Our initial goal of Godflesh was to have this brutally heavy shit, but have a mechanical side to what we do: To be groove-oriented. We always wanted a fat groove. Obviously, we were able to get that fat groove, having a drummer, unlike before, when we used a drum machine. Now, with a drummer, we can have this groove going and mix it with drum machines to make this one, huge, fat groove. We want our music to evolve, which it has, and we want to defy serious pigeonholing. We are just mixing shit up. Every couple of years we try to outdo what we did in the past and just try to make a more fresher and original feel to Godflesh.Justin Broadrick / Godflesh interview, Chronicles of Chaos, 1997
Hip Hop was a big influence on this album, I mean in a big way. I mean especially with the addition of the drummer, who's essentially a Hip Hop/Funk drummer who is from San Francisco. That really gave us... It's just another step you know, just something else in there, which took us up a gear ourselves. The drummer himself is an inspiration, just because it was so cool to see a really hot drummer, just playing and sorta giving it funky, Hip Hop grooves but with a sense of heaviness and a sense of brutality, which is what we wanted to take from Hip Hop anyway, and it's what so many people miss you know, as far as we're concerned anyway. For us this album is more physical, it's the most physical record we've ever made I think. Just down to the instruments, there is actually for the first time ever, there is drums, guitar and bass which is a semi-conventional set up you know. As opposed to in the past it's been guitar, bass and reams of technology, or not really a fat lot of technology, but that's sort of taking up most of the space in the sound. But this is the least amount of technology we've ever had on any single record, but in the same way we wanted to embrace cultures that use technology which is Hip Hop really, and Techno as well, and mix it up in a bit more brutal fashion basically. That was a conscious aim, to make something that you could groove to, we've never been tight ass anyway you know, we've always considered that our sound isn't tight ass like most metal is, you know, how it's really stiff. We wanted to take that premise of our usual sound and just loosen it up and make it groovier, that's what we wanted from this record, and personally we've succeeded. It's a new starting point for us, it's a new scope, so we can go from here now.Justin Broadrick / Godflesh interview, Wormgear, 1996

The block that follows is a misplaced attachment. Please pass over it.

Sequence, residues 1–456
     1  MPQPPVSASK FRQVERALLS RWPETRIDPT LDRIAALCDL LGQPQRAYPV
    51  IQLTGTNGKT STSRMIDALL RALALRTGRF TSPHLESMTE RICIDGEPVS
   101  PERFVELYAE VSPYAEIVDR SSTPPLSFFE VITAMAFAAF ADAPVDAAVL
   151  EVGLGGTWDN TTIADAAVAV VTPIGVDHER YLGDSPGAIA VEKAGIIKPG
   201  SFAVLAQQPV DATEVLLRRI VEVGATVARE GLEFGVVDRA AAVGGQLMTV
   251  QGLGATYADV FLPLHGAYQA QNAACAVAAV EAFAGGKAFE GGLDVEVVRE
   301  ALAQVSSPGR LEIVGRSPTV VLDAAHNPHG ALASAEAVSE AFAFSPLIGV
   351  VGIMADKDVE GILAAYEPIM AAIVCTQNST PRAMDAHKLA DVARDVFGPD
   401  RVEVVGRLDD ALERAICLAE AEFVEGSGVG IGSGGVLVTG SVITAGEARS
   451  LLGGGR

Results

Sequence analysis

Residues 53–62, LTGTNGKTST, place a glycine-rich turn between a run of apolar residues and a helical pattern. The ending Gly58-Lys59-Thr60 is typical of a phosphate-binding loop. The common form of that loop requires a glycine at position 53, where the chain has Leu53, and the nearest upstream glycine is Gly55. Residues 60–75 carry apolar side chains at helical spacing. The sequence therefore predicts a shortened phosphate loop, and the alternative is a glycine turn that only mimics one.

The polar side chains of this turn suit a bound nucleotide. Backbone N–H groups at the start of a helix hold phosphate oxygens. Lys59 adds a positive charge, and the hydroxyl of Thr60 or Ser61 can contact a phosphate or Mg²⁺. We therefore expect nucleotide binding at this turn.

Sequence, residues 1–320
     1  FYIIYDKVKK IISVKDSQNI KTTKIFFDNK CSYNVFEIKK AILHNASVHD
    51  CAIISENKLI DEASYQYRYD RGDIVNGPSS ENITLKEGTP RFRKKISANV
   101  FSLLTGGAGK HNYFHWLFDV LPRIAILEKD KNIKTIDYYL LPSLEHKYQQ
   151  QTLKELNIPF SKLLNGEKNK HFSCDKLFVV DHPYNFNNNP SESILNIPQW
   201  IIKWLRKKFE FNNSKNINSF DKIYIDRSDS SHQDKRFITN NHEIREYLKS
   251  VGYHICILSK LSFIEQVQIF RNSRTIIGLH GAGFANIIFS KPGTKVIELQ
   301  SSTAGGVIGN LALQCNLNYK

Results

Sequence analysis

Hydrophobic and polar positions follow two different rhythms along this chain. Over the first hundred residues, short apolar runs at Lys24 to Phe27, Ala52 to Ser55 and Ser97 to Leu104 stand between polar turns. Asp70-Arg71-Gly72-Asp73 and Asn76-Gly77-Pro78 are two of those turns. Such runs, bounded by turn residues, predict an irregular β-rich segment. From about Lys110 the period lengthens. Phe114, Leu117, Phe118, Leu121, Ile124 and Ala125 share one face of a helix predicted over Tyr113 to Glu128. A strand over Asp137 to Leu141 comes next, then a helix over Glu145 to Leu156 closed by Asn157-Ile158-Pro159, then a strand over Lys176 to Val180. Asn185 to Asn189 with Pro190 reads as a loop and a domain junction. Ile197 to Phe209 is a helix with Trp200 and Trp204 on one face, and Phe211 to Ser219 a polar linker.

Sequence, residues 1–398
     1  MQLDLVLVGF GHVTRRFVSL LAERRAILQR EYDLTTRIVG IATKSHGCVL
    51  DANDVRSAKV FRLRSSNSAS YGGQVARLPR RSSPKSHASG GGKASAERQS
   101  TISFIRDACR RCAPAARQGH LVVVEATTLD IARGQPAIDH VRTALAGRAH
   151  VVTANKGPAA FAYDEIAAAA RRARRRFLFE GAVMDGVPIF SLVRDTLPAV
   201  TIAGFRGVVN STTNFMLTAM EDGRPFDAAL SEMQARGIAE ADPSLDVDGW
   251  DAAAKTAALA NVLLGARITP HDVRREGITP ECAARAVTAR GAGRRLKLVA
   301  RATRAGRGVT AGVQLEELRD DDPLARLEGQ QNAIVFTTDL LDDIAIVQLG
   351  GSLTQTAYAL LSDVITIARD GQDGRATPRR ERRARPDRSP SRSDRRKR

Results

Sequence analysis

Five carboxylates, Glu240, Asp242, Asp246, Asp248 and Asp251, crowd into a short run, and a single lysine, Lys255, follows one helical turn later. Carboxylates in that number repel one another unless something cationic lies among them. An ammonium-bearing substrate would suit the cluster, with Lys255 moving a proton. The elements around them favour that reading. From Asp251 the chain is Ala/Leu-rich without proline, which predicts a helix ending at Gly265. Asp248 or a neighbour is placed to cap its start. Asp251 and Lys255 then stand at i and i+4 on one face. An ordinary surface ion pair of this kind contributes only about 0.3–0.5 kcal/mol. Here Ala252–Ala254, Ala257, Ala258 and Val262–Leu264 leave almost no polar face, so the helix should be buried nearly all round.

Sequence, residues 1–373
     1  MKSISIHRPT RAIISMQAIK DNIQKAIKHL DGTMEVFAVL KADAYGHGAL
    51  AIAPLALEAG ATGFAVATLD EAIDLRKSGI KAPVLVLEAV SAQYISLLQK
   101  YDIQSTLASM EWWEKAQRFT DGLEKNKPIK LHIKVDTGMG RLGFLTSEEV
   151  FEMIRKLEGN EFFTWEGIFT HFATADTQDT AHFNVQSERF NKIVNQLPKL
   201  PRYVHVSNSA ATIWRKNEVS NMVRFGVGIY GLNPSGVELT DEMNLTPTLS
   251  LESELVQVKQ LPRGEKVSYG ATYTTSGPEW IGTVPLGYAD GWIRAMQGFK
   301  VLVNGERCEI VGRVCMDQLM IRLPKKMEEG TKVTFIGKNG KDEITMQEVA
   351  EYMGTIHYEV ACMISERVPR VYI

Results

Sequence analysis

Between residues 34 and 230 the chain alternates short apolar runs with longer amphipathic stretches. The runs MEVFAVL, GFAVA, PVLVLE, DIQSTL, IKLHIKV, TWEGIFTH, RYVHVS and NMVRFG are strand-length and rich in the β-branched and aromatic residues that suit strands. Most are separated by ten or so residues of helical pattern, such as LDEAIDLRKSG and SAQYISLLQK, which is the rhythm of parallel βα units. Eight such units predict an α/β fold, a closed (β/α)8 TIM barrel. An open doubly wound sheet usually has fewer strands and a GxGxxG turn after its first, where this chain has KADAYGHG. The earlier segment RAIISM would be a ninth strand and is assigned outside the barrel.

It's not really negative. "Wake" is more about ignorance, which is what a lot of our stuff deals with anyway. Like the way people decide that something's right and that's the norm and everyone should fit in with that. It's about, like, artificial laws, things that don't mean anything, just things that man creates and says, "You will fall into line with this and anybody who falls out of it is automatically wrong!" What "Wake" is saying is, "Wake up to that--There is no right or wrong!" And there's only someone writing rules for us to follow really, whereas it's all bullshit and nothing really exists. All that stuff deals with the core of things, subjects that most people want to run away from. It's really just necessary. Things like death even, I'm just sort of one of those people. I'm obsessed with my fears, so it really comes out.Justin Broadrick / Godflesh interview, 1996
The cover photograph was taken in an industrial area of Louisiana known as Cancer Alley.
I want to do remix of the whole Songs For Love And Hate so I hope that will be next. I want to really bastardize the thing until it's a completely different version. That was really my first excuse to get the computer. I virtually live in a recording studio. I've got one at the bottom of my house. I make music all the time.Justin Broadrick / Godflesh interview, Seconds #40, 1996
These remixes would be released the following year as Love and Hate in Dub.